May 30, 2024

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Drinking too much coffee may cause blindness

Drinking too much coffee may cause blindness, beware of the “cancer” in eye disease stealing your vision

Drinking too much coffee may cause blindness.  Glaucoma is a group of diseases characterized by atrophy and depression of the optic nipple, visual field defect, and decreased vision. It is called a “silent killer”.

Its main characteristics are rapid onset, great harm, and blindness in humans. One of the three major blindness diseases. What’s more frightening is that glaucoma is irreversible and will steal our eyesight unknowingly. It is often compared to “cancer” in eye diseases. Therefore, strengthening prevention is particularly important.

Recently, researchers from the Icahn School of Medicine at Mount Sinai in the United States published an article titled “Intraocular Pressure, Glaucoma, and Dietary Caffeine Consumption A Gene–Diet Interaction Study from the UK Biobank” in Ophthalmology, the top issue of Ophthalmology. For the first time, the relationship between the eating habits and genetics of glaucoma patients has been proved.

Studies have pointed out that people with a family history of glaucoma who consume large amounts of caffeine every day may increase the risk of glaucoma by more than three times.

This study performed data analysis on the genetic samples of 121,347 participants in the UK BioBank, the world’s most comprehensive large-scale human information resource bank so far, and measured their intraocular pressure (IOP). At the same time, a dietary questionnaire survey was conducted on 77,906 participants to achieve a strong assessment of the link between caffeine intake, intraocular pressure and glaucoma.

The results showed that excessive caffeine intake was not associated with increased overall intraocular pressure or increased risk of glaucoma. In contrast, those participants with higher intraocular pressure and a stronger genetic predisposition had higher caffeine intake, increased intraocular pressure and higher risk of glaucoma. Relevant data showed that for every 4 cups of coffee they drank , The intraocular pressure will be 0.35 mm Hg higher.

So, how to avoid the incidence of blindness?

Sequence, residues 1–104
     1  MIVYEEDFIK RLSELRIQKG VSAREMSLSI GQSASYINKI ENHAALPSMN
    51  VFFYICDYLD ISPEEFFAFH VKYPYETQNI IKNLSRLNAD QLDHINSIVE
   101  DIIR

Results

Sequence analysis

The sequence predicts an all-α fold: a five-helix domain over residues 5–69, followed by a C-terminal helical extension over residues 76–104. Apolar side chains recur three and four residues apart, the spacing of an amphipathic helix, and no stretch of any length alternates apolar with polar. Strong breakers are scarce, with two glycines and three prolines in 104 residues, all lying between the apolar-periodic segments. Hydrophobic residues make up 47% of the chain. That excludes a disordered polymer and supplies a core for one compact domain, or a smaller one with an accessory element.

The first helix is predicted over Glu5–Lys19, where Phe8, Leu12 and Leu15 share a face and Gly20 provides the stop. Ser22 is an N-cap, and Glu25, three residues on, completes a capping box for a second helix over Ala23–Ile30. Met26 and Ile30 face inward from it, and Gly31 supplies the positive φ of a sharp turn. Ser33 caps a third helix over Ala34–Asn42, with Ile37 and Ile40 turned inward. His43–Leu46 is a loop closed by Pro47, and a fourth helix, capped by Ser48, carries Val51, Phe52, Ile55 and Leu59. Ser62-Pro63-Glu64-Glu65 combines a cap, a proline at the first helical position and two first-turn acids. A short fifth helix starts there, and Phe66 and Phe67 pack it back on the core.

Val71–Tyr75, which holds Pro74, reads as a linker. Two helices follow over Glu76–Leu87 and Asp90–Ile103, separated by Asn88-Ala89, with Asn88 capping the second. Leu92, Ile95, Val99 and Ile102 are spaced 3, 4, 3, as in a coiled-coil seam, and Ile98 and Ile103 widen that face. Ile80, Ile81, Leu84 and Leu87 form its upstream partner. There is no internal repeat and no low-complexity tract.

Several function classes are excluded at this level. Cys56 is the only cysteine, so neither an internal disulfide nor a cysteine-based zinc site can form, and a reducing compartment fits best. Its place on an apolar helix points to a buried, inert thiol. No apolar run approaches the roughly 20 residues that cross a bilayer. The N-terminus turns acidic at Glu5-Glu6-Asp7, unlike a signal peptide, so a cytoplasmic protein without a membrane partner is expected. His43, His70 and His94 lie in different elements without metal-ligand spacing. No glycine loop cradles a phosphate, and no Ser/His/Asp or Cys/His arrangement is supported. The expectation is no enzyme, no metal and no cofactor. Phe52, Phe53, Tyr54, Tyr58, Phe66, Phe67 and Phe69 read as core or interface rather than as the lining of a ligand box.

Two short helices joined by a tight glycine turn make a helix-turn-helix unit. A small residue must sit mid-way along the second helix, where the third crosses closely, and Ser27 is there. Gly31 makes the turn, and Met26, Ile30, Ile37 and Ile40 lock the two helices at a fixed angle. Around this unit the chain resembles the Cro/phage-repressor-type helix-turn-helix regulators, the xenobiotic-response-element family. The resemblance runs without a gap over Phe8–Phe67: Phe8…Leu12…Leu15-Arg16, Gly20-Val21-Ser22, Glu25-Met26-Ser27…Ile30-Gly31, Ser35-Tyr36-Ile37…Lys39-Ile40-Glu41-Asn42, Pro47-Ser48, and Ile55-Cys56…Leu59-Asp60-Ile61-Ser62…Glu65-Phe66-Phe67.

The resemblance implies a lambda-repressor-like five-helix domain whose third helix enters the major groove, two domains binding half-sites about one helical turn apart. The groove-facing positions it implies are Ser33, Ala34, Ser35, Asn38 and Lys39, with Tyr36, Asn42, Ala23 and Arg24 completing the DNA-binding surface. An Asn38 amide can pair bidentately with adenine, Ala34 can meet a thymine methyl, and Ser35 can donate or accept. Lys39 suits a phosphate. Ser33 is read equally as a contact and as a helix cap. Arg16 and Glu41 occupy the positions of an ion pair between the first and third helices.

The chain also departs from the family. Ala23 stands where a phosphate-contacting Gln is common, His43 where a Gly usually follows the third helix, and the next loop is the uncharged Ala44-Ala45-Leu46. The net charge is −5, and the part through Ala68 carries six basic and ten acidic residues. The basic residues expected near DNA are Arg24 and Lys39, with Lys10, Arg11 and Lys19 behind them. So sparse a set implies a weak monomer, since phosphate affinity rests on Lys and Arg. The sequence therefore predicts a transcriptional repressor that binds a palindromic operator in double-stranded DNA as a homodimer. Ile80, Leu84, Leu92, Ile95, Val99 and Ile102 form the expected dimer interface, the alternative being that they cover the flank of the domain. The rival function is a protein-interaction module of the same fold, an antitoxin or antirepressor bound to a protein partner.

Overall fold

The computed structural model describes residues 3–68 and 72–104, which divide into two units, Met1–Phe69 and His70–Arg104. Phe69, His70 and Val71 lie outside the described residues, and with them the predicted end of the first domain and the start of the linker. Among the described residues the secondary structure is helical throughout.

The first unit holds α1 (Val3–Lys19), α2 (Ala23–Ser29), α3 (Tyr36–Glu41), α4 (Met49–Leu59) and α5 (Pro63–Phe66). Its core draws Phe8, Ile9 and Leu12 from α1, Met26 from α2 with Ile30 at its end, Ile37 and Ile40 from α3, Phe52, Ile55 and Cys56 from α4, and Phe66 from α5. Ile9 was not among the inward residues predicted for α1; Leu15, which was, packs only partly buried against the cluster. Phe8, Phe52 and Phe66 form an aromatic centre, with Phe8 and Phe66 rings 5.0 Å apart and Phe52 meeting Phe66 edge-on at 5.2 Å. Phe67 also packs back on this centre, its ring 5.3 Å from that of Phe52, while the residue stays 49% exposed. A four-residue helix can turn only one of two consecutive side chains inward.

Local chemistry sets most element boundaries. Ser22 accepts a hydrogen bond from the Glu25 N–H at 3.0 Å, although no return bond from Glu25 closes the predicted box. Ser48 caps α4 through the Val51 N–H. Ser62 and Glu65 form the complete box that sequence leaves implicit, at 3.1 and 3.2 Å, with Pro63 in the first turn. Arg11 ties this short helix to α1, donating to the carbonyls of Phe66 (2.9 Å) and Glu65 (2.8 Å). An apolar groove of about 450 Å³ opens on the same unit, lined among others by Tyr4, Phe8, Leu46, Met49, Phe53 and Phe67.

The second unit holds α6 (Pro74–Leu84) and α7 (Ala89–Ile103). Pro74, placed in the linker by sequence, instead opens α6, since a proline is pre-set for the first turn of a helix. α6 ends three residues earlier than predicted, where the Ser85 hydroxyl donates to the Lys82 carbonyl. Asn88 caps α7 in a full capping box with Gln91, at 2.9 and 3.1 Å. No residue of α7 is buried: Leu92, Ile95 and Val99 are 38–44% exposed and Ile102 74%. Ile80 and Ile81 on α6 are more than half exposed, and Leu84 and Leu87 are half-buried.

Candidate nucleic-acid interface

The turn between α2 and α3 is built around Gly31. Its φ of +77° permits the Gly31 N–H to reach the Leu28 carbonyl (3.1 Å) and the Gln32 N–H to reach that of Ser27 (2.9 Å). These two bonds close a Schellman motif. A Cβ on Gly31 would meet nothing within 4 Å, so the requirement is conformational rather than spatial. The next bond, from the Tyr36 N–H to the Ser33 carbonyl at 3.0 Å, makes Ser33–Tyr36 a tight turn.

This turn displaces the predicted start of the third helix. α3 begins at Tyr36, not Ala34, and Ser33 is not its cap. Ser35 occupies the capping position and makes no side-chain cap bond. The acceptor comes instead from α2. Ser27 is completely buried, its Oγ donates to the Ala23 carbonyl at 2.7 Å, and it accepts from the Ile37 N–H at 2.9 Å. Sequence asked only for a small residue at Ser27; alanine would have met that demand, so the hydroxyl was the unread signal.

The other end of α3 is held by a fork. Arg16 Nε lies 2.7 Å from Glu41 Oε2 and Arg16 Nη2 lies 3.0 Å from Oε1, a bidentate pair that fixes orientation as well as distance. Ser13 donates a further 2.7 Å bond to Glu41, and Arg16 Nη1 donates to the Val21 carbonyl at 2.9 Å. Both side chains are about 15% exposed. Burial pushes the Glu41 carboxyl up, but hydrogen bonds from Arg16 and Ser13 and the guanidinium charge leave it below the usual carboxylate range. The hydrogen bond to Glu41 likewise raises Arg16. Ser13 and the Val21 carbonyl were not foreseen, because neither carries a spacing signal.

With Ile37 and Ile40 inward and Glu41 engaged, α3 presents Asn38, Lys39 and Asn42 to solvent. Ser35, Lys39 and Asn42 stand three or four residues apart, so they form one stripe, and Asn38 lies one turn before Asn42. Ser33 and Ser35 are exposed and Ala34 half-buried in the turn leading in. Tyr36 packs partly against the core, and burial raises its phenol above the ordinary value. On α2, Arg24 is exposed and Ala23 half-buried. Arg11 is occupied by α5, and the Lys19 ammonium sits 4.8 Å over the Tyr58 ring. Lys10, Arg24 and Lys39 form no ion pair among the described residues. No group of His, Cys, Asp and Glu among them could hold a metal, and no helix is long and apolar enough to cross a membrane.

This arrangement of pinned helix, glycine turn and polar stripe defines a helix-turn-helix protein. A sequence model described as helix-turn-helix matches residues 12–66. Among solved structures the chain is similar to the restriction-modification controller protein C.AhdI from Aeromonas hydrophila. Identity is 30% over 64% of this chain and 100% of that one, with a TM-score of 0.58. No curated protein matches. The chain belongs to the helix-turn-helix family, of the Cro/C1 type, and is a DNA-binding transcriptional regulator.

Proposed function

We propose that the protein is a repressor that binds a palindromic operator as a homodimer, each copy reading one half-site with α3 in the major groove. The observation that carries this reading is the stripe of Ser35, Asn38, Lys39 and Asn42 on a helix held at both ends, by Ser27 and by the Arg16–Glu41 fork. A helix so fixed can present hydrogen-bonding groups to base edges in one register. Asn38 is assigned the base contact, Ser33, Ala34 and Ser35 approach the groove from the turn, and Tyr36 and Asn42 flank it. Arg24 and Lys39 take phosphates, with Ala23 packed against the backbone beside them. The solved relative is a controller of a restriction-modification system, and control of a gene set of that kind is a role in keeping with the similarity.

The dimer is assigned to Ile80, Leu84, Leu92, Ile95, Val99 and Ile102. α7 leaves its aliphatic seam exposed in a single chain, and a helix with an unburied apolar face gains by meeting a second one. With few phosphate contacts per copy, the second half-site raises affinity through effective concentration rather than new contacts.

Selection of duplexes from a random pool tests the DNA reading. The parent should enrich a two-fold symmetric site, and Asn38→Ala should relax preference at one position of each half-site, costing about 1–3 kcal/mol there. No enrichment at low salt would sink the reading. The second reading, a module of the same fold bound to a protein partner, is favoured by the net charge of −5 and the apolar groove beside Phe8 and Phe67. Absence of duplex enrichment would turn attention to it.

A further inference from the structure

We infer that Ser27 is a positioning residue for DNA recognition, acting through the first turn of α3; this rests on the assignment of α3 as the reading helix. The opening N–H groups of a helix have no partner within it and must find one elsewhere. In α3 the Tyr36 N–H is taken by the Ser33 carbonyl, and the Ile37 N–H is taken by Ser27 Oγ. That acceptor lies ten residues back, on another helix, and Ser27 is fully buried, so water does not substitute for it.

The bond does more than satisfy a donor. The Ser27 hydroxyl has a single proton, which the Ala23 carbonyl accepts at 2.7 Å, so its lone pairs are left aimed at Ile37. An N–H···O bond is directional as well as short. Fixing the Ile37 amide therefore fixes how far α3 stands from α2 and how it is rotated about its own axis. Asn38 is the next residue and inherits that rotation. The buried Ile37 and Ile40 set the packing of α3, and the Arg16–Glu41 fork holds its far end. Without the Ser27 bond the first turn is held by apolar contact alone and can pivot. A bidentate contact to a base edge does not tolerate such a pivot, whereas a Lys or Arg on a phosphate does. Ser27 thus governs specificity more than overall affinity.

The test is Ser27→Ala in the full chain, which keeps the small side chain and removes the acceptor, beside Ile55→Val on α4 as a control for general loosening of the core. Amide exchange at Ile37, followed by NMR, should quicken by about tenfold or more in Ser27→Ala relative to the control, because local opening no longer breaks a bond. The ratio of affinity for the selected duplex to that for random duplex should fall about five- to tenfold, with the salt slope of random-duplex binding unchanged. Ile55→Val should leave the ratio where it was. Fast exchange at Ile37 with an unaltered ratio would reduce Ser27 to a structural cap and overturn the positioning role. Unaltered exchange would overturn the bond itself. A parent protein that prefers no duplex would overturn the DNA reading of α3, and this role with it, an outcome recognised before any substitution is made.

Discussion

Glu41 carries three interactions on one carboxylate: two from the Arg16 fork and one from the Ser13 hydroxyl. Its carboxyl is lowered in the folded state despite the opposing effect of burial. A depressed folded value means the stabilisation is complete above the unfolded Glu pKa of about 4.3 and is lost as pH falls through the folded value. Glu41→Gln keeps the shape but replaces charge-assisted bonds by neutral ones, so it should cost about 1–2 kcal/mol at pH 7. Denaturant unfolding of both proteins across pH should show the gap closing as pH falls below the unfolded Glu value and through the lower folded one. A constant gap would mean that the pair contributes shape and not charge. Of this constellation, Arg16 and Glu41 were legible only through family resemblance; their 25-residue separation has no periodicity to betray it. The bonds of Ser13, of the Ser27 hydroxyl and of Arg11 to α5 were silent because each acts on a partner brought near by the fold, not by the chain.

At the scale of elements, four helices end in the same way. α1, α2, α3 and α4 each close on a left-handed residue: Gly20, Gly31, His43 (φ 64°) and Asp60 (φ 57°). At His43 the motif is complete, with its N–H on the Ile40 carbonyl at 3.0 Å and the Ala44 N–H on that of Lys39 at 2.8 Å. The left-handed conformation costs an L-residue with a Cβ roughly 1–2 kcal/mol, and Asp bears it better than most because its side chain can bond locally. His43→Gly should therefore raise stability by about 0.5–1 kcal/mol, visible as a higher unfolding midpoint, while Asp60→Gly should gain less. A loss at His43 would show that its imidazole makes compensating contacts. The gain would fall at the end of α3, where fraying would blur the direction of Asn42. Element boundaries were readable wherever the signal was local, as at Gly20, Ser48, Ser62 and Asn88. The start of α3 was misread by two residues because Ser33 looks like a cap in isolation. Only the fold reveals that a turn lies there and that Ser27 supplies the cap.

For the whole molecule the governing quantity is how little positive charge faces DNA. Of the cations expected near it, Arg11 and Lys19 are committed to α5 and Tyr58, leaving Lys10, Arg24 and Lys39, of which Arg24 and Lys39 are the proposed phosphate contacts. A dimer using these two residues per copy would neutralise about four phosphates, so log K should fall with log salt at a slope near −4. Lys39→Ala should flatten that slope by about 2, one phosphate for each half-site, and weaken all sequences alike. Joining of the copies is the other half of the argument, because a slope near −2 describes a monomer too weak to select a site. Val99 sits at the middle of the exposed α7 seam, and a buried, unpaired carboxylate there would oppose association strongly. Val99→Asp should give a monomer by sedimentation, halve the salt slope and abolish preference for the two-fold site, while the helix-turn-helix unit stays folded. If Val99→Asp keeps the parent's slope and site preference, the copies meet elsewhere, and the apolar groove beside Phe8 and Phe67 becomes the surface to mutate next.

Since the occurrence of complex diseases is often controlled by multiple genetic loci, it is an assessment tool that quantifies the susceptibility of individuals to diseases by calculating multiple susceptibility sites based on individual genetic variation, “polygenic risk score” (PRS)” stands out as the most commonly used strategy for accurately predicting diseases.

In this latest study, researchers used the assessment tool to combine 111 genetic variants related to intraocular pressure to analyze the association between genes and caffeine intake. However, with the deepening of medical research, the research on relevance has begun to be criticized. The biggest slot is that relevance does not equal causation. Therefore, in order to avoid “false associations”, the researchers conducted a Mendelian randomization analysis based on 8 genetic variant genes related to caffeine intake to assess the potential causal effect of caffeine intake on intraocular pressure.

The study found that compared with people with low caffeine intake and low genetic risk scores, people with higher genetic risk scores and daily intake of caffeine content of more than 321 mg (equivalent to 3 cups of coffee) have glaucoma The prevalence is 3.9 times higher.

Anthony Khawaja, MD, associate professor of ophthalmology at University College London, one of the authors of the report, said: “Although it is still unknown whether the blinding disease glaucoma can reduce the risk by changing people’s lifestyles, this latest research has already helped us It has shown a clear path that people with a high genetic risk of glaucoma may benefit by reducing caffeine intake.”

In short, in the future, we must always be vigilant against “vision killer” glaucoma, continue to explore new methods to treat this disease, and bring more hope to patients.

(source:internet, reference only)

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Important Note: The information provided is for informational purposes only and should not be considered as medical advice.